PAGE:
Blair refuses to back rail strike

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The Independent Online
TONY BLAIR, the Labour leader, yesterday seized the opportunity to redefine the party's link with the unions by resisting intense pressure to throw his weight behind the striking signal workers.

Conveying with unprecedented clarity the message that Labour would not be beholden to the unions' vested interests when it was elected, Mr Blair expressly ignored the policy of the signal workers' union, the RMT, by proposing third-party arbitration as an option for ending the dispute.

And in an undisguised dismissal of criticisms by John Edmonds, the general secretary of the GMB, and other union leaders, who have accused him of loosening the union-party links, Mr Blair warned TUC leaders yesterday that the 'party in government will govern for the entire country'.

Mr Blair reinforced his declarations in starker terms during private talks with union leaders. He said, as he arrived in Blackpool for the annual TUC general council dinner: 'I shall be saying that the Labour Party has a great deal to offer the country in economic efficiency and rebuilding social justice. But nothing of this can be achieved without a Labour Party committed to the public interest.'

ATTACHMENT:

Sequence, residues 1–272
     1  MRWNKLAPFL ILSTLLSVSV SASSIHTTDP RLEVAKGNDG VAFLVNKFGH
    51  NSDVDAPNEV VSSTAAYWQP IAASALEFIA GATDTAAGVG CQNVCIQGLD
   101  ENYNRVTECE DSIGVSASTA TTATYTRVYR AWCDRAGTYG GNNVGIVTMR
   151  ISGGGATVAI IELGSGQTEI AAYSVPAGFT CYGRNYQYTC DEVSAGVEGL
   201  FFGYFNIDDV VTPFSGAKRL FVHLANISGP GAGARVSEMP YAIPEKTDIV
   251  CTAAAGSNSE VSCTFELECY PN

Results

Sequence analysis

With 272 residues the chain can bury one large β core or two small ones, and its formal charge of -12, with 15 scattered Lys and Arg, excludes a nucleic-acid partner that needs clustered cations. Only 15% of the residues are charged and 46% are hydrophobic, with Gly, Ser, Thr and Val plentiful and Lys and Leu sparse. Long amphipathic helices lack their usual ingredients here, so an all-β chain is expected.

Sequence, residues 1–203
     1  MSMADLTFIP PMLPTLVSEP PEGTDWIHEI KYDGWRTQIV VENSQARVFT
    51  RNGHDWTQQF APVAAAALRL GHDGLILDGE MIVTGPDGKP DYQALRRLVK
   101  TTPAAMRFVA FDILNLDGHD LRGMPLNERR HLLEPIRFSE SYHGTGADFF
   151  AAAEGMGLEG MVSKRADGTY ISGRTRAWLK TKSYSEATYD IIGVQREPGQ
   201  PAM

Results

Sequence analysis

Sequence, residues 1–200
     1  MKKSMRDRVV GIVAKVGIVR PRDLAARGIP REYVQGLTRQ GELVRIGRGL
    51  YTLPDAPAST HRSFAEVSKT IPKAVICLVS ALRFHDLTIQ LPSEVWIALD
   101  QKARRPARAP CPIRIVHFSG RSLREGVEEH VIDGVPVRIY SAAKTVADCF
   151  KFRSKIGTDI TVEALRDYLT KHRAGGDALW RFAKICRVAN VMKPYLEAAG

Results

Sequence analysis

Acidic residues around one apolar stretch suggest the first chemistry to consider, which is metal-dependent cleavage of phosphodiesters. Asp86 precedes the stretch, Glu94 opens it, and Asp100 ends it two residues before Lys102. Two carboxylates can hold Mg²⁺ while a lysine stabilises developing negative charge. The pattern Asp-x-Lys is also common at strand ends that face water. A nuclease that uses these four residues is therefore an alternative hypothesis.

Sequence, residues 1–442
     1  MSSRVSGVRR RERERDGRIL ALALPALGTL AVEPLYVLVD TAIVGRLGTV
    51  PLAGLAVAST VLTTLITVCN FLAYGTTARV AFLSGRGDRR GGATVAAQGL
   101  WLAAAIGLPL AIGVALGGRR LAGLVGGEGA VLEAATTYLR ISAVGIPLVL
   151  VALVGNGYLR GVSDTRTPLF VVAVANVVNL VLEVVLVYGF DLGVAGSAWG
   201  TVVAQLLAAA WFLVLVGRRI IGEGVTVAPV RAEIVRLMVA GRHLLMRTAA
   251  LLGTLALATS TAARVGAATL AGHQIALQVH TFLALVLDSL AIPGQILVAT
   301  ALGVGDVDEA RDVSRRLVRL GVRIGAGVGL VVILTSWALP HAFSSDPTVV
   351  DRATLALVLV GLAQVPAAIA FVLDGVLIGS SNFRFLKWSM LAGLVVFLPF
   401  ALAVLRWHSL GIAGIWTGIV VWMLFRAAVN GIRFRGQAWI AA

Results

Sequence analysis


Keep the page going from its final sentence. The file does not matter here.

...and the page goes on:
Mr Blair's readiness to provoke dismay among traditionalist union leaders had earlier been underlined when he was asked, in an interview with the BBC, if union leaders were not entitled to expect him to throw the party's support behind the signal workers' strikes. He said: 'Then there will have to be a disagreement about that.'

Mr Blair said he had sympathy with the justice of the signal workers' case but 'if I start supporting individuals in the dispute I am doing precisely what I am criticising the Government for doing'.

At the dinner last night, the Labour leader was candid in telling members of the TUC general council that those in the party needed to be honest with each and honest with Britain's voters.

He said that when he committed himself on specifics such as a minimum wage, employment rights and the goal of full employment he was confident he could deliver. But he would never promise goals which could not be achieved: 'You will have to believe me when I say I can't do something.'

Mr Blair's short and often humorous speech was warmly received by a large majority of the general council.

Blair spells it out, page 4

Andrew Marr, page 19